Staple wires come in different sizes and numbers which could be esoteric for most of us. But the key to knowing which one is the right for your office needs simply lies in learning what the numbers mean. Of course, you can always take the easy way out by looking for the suitable staple wire size for your stapler that is printed on the base or inside of the stapler box and just give the size to your friendly neighbourhood office supplies clerk, but that would be no fun isn’t it? Read on as Opisina.com.ph goes into geek mode.
Wire Gauge and Shank Length
There are two numbers used in conventional staple sizing which are the gauge of the wire, which essentially measures the thickness of the wire, and the length of the staple shank, which measures the legs of the stapler. Both numbers are given in millimetres. When printed on the outside part of the box of staple wires or staplers, the sizes read as wire gauge/shank length. There’s only one exception to this rule which is size no. 10 or the standard size used for mini staplers.
Reading Staple Wire Sizes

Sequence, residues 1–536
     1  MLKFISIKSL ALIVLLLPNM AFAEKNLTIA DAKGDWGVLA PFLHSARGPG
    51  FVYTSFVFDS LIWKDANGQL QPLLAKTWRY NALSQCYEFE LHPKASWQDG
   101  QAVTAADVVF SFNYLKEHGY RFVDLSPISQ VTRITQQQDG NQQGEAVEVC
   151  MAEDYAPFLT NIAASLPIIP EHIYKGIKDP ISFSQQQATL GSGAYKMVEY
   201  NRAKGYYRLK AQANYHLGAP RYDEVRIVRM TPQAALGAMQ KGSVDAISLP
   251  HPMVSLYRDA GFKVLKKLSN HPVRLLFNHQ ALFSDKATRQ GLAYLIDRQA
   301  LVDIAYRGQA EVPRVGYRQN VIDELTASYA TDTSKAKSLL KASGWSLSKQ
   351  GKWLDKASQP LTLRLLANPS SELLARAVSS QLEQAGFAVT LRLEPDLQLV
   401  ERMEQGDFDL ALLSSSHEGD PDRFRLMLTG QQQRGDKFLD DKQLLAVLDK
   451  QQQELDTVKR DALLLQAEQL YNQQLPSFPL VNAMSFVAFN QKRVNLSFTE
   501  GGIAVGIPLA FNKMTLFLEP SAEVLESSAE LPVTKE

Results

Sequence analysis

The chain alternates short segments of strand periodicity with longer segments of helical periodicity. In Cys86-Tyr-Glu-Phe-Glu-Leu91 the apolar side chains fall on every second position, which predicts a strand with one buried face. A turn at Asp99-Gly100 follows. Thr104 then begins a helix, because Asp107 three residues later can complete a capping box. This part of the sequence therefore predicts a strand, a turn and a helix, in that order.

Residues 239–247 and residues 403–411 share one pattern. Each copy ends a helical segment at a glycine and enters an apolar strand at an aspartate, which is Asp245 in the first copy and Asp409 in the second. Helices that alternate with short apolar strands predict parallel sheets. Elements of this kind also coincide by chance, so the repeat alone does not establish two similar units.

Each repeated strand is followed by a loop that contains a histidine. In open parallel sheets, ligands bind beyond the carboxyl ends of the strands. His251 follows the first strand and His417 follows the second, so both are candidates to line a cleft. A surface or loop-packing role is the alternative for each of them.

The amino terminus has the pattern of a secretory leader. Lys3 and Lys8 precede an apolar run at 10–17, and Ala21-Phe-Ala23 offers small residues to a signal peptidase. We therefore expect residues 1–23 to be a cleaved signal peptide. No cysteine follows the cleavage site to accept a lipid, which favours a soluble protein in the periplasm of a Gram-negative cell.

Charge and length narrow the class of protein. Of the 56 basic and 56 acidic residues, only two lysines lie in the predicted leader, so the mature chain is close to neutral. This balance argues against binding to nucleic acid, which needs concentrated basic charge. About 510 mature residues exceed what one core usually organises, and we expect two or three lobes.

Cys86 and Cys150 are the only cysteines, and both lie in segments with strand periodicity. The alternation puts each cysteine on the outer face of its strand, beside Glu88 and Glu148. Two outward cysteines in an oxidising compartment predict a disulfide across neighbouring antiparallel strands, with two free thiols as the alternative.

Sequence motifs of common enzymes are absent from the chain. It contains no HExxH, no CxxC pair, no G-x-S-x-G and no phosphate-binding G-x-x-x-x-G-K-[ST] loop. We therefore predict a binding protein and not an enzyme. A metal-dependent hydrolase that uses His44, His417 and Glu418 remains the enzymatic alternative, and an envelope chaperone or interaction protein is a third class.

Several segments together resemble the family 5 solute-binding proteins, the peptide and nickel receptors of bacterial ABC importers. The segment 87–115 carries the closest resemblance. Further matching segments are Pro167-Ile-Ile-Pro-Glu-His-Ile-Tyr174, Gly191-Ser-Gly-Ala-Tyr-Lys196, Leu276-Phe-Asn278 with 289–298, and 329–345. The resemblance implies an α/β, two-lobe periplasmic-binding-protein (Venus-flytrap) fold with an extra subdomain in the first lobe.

Now for the most exciting part: learning how to read the sizes. As mentioned earlier, the sizes come in the wire gauge/shank length form such as 13/8 or 23/10. In these examples, the former (13 and 23) is the wire gauge and the latter (8 and 10) is the shank length. The higher the wire gauge size means the thinner the staple body is. It works the other way for the shank number as the higher the latter is, the longer the staple legs are.
There’s also a shortcut to doing this. The trick is by looking at the shank length. The higher the shank length would tell you that the staple legs are longer, which means it could penetrate thicker layers of papers or whatnots. The higher the number of shank length leans to the heavy-duty kind. They mostly come in 10 and above. The lower the shank length means the shorter the legs are, of course, which means the staples are used mostly for fastening thinner layers of items at home or in the office.
Are There Other Staple Wire Sizes?
Staple wires in the United States come in a different form based on the conventions covered by the American Society of Testing and Materials (ASTM) International. The specifications are much complicated and are enumerated in the ASTM F1667-11a, more commonly known as the Standard Specification for Driven Fasteners: Nails, Spikes, and Staples. For example, an office stapler would come in the form of F1667: STFCC-04 where ST represents the type (in this case, staple), FC means flat crown (the wire gauge or body), and C means cohered and 04 representing a certain set of measurement for the legs and crown.
Enjoyed this post? Don't forget to check out our previous article, The History of the Stapler.
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